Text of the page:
Hon. J. Richard Couzens, Judge of the Placer County Superior Court (Ret.)

In celebration of Law Day on May 1, particularly considering the multiple stressors our society is currently facing, I want to share with you the vital importance of promoting strong civic engagement in our younger generations.

Respect for the law, rooted in the freedoms, rights and responsibilities written into the U.S. Constitution, needs revitalization – sort of a legal checkup and citizenship tune-up for our youth.

One great opportunity to give young people a positive view of our legal system is through youth court programs, currently operating in over 80 communities in California and in over 1,400 communities nationally.

The California Association of Youth Courts (CAYC) serves as a central point of contact for youth court programs across the state, delivering training and technical assistance, and developing resource materials to foster the creation of new courts and expand the operations of existing youth courts in California.

These innovative programs nurture in youth a respect for the rule of law, help develop positive citizenship attitudes, encourage civic engagement, and promote educational success through a diversity of service-learning opportunities, strategies, and activities. Youth courts are structured to provide swift interventions for low-level offenses, allowing young people to take responsibility for their own actions, to be held appropriately accountable, and to make amends to the community, in a positive and empowering environment.

In addition to imposing constructive sanctions for juvenile offenders, youth courts offer valuable civic opportunities for youth in the community. The peer-driven sentencing mechanism fosters positive peer pressure, where teens influence the behavior of other adolescents.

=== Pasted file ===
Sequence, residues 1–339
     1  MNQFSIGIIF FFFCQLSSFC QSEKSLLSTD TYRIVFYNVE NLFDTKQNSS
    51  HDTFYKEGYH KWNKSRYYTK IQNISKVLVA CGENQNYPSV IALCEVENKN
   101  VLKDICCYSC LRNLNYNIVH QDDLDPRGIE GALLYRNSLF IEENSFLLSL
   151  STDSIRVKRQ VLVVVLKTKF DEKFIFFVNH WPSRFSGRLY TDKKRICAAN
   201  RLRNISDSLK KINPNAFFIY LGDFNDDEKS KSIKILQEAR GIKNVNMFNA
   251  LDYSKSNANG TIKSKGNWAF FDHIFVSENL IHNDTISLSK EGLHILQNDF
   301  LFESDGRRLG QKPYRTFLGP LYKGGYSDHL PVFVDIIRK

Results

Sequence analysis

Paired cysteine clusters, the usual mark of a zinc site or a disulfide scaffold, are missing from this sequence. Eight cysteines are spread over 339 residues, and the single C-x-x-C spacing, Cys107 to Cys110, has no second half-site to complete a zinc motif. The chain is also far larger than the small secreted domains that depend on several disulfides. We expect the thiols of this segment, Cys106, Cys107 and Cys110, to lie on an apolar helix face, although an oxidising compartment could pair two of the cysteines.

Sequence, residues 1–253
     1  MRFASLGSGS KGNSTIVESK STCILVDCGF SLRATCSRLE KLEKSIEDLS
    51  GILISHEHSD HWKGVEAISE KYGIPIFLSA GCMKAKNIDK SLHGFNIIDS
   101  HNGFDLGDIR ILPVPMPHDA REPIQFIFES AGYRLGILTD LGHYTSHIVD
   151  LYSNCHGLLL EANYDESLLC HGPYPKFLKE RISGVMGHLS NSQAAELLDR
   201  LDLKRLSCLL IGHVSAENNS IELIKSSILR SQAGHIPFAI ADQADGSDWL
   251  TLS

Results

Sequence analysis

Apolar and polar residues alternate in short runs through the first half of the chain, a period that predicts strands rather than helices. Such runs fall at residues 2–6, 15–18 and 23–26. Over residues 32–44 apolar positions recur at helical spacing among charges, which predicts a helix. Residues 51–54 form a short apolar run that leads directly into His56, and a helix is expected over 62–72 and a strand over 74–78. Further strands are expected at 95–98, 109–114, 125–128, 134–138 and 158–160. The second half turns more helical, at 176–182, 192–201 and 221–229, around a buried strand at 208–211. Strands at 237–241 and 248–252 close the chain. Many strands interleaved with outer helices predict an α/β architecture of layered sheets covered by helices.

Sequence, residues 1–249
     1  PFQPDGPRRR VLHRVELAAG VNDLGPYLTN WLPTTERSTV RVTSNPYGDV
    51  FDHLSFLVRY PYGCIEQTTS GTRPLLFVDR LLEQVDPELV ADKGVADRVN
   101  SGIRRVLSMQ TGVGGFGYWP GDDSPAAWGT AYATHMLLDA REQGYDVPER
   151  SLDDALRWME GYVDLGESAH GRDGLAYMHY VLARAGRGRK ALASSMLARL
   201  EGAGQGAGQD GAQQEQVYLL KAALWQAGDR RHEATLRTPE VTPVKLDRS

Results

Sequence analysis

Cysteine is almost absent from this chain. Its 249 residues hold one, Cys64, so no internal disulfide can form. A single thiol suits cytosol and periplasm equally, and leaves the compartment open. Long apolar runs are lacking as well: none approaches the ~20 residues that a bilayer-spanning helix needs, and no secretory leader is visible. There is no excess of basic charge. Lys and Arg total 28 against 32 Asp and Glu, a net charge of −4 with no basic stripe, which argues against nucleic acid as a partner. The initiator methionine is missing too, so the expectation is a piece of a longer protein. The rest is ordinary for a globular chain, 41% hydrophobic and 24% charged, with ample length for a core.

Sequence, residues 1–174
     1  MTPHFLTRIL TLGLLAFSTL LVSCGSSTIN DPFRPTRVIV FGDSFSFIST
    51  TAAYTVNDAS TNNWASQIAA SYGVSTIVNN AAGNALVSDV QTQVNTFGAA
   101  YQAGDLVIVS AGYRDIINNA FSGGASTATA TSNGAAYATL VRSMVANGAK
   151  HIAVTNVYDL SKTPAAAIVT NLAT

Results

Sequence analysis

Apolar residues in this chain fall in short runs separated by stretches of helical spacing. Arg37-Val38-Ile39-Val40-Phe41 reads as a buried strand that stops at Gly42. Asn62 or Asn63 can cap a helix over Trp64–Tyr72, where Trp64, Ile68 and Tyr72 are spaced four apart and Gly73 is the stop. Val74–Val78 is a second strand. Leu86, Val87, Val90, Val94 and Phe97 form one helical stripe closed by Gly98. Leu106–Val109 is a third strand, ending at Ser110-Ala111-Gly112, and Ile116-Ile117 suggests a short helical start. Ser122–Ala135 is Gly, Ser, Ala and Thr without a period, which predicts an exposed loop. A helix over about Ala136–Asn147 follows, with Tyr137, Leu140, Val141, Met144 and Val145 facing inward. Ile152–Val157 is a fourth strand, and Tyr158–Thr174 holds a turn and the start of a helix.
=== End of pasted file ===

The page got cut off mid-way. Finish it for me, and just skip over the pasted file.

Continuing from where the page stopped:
Youth volunteers actively learn the roles and responsibilities of the various parts of the judicial system. They act as law enforcement professionals, prosecuting and defense attorneys, clerks, bailiffs, jurors and even judges, to gain experiential knowledge of the criminal justice system.

Youth respondents and volunteers acquire valuable understanding about police and probation officers, youth services workers, and court administration, offering a path for academic and career-building opportunities.

Youth courts’ alternative sentencing results in reduced costs per case compared to the traditional justice system and in lower recidivism rates. Expanding youth courts is a cost-effective strategy for reducing juvenile delinquency while cultivating community engagement.

CAYC is affiliated with youth courts throughout California and with the National Association of Youth Courts (NAYC) at the national level. These government and community-based programs offer diversion from the traditional juvenile court system for problematic youth behaviors such as chronic truancy, delinquent actions, and other minor offenses. Youth courts are predicated on their sensitivity to the unique needs and diversity of the people they serve – the youth, their families and community partners. Relationships with existing civic, educational, law enforcement, courts and faith sector organizations currently provide the prime outreach strategies for recruitment of youth court participants and community volunteers.

CAYC seeks to develop strategic partnerships to expand existing youth courts and improve their sustainability. As a result of these partnerships, the state’s youth courts will bolster the educational and economic futures of young people, promote respect for our justice system, and foster life-long civic involvement.

Youth courts are truly “Justice For Youth By Youth.”